Our advice

"If you have any concerns please contact us, even if you think the query is insignificant, that is what we are here for."

 Niamh MacIndoe, Nurse Specialist

Caring for your baby

Having a baby is a life changing experience for all parents. It is often a time of great excitement but can also be a time of stress and worry, even more so if your child has been been diagnosed with a bleeding disorder.

If your baby has been diagnosed with a bleeding disorder it can be a shock if there has been no previous family history. It is important for you to get lots of support in helping you come to terms with the new diagnosis and helping you look forward to parenting a healthy child who happens to have an inherited bleeding disorder (IBD). Even when there is a family history of an IBD perhaps including prenatal diagnosis there can be a period of mixed emotions for parents and family. We encourage you to talk to whoever you feel can help you most through this but haemophilia centre staff will be there to try and help with this process.

Often a primary concern for new parents is understanding what is a ‘bleed’ and how to recognise bleeds. The haemophilia staff will explain in detail more about your child’s particular bleeding disorder, which will include explaining what type and severity of bleeding your child may present with.

In severe haemophilia and moderate bleeding disorders in particular we will encourage you to check for signs of unusual bruising or bleeding. This can be as part of your baby’s daily routine, but also being vigilant as to the possibility of a ‘bleed’ when your baby is unusually distressed. For example bath time can be a good opportunity to look out for signs of bruising or swelling. Make sure that you:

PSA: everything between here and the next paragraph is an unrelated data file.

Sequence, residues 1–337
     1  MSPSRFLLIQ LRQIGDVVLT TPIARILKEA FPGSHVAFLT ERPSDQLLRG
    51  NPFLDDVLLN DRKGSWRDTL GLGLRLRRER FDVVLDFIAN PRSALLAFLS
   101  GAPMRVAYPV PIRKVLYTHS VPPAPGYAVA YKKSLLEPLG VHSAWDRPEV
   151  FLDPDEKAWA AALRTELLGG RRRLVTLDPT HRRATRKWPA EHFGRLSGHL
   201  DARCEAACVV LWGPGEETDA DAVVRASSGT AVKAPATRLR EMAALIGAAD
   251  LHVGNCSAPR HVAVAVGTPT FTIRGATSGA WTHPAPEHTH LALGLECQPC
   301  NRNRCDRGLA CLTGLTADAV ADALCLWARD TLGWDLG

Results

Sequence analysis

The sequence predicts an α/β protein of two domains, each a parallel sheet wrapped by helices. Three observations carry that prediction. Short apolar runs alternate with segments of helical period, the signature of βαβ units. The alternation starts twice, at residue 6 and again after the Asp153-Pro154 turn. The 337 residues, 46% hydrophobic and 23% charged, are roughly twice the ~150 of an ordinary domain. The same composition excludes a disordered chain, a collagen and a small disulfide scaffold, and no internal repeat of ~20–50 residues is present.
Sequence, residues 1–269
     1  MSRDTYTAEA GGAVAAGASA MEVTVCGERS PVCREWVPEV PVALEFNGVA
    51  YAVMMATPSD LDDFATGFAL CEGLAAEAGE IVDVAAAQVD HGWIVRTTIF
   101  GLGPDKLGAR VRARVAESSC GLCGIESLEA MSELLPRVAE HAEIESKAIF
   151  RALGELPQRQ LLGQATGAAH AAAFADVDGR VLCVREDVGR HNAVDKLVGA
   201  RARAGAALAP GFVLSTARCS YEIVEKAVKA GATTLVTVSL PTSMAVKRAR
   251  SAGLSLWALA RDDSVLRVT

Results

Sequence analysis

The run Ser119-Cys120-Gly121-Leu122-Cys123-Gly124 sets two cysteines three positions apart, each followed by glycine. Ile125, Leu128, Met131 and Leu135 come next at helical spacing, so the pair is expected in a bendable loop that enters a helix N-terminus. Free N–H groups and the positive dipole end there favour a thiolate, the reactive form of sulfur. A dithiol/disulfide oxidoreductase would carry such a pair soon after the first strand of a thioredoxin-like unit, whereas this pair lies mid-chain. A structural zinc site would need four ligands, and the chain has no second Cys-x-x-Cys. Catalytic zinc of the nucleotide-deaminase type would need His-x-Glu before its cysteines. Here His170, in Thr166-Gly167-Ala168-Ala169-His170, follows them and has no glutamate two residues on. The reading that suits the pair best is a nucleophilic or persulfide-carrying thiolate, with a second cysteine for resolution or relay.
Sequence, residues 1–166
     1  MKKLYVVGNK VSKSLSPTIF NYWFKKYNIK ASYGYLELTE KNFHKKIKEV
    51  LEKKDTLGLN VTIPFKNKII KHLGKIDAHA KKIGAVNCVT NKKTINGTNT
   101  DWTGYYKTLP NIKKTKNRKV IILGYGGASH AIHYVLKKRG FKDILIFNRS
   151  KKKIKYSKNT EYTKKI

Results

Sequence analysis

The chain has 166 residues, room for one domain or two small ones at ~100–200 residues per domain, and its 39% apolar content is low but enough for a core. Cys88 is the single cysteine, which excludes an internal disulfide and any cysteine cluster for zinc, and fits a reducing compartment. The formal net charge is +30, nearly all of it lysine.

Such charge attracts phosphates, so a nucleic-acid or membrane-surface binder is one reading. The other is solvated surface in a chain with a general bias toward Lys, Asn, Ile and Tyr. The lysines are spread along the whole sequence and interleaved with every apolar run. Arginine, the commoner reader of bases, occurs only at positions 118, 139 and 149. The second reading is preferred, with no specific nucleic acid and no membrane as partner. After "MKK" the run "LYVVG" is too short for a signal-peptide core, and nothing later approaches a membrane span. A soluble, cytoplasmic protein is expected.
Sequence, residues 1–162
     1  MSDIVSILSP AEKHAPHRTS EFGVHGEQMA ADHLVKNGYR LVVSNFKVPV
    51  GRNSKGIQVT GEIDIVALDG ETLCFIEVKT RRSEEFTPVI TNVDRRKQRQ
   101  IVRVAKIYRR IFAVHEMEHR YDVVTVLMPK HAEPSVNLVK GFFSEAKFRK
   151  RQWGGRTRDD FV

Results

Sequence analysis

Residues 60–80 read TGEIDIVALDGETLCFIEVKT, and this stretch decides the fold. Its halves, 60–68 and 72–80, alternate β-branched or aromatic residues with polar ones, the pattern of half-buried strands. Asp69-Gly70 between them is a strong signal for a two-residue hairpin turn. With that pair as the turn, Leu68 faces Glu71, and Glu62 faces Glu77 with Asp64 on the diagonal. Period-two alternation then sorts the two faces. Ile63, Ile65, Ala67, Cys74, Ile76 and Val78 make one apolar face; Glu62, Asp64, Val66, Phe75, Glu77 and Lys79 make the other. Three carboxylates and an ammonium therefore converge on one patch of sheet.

• Check for bruises or swelling
  • Compare the size and shape of your baby’s arms and legs to ensure they are similar
  • Confirm they are able to move their limbs easily
  • Check for mouth bleeds

As your baby grows and becomes more mobile, if he or she has a bump or fall, check for signs of a bleed and call your haemophilia centre. They will advise you on what to do, as you may need to visit the hospital so that they can carry out an assessment.

It is essential for a baby’s development that haemophilia or other bleeding disorders do not dominate as they are normal, healthy babies in every other way, so this should be the most important thing to parents and the rest of the family. Cuddle, play with, and enjoy your baby as you would a child without a bleeding disorder. By only focusing on the bleeding disorder, you risk missing out on all the other wonderful stages of their development such as the first smile, rolling over and walking.

If your baby has severe haemophilia, regular treatment does not usually begin until they become mobile and more active, but you might want to discuss the treatment options available with your healthcare team.

Like for all babies childhood immunisations are very important and administration of vaccinations can be talked through with the haemophilia centre as well as your GP/health visitor/practice nurse. You can access the recommended schedule for vaccinations in the UK here.

Remember that you have a network of support from your family, friends and the haemophilia centre, so whenever you need help or advice, you can contact them at any time. You might also want to ‘buddy up’ with another parent or attend patient groups in order to talk to people who have been through or are going through the same stages with their child, which you can discuss with your haemophilia centre.

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